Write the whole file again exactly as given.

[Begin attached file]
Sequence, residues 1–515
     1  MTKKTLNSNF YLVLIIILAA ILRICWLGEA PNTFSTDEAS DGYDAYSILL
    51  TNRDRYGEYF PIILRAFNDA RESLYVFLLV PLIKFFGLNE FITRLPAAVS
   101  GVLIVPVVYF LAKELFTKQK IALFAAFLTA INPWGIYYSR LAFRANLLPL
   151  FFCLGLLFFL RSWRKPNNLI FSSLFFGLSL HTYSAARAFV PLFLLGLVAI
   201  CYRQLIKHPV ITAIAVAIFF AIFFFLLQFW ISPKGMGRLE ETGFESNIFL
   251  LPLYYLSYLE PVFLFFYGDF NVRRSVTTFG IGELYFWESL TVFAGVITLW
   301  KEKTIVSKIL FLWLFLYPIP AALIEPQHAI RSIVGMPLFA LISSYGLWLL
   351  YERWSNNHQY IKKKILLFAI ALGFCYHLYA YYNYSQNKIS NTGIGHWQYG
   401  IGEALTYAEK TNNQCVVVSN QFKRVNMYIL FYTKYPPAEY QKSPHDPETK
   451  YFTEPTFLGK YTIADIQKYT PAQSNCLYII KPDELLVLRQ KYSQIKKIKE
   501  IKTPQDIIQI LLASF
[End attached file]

Sequence, residues 1–515
     1  MTKKTLNSNF YLVLIIILAA ILRICWLGEA PNTFSTDEAS DGYDAYSILL
    51  TNRDRYGEYF PIILRAFNDA RESLYVFLLV PLIKFFGLNE FITRLPAAVS
   101  GVLIVPVVYF LAKELFTKQK IALFAAFLTA INPWGIYYSR LAFRANLLPL
   151  FFCLGLLFFL RSWRKPNNLI FSSLFFGLSL HTYSAARAFV PLFLLGLVAI
   201  CYRQLIKHPV ITAIAVAIFF AIFFFLLQFW ISPKGMGRLE ETGFESNIFL
   251  LPLYYLSYLE PVFLFFYGDF NVRRSVTTFG IGELYFWESL TVFAGVITLW
   301  KEKTIVSKIL FLWLFLYPIP AALIEPQHAI RSIVGMPLFA LISSYGLWLL
   351  YERWSNNHQY IKKKILLFAI ALGFCYHLYA YYNYSQNKIS NTGIGHWQYG
   401  IGEALTYAEK TNNQCVVVSN QFKRVNMYIL FYTKYPPAEY QKSPHDPETK
   451  YFTEPTFLGK YTIADIQKYT PAQSNCLYII KPDELLVLRQ KYSQIKKIKE
   501  IKTPQDIIQI LLASF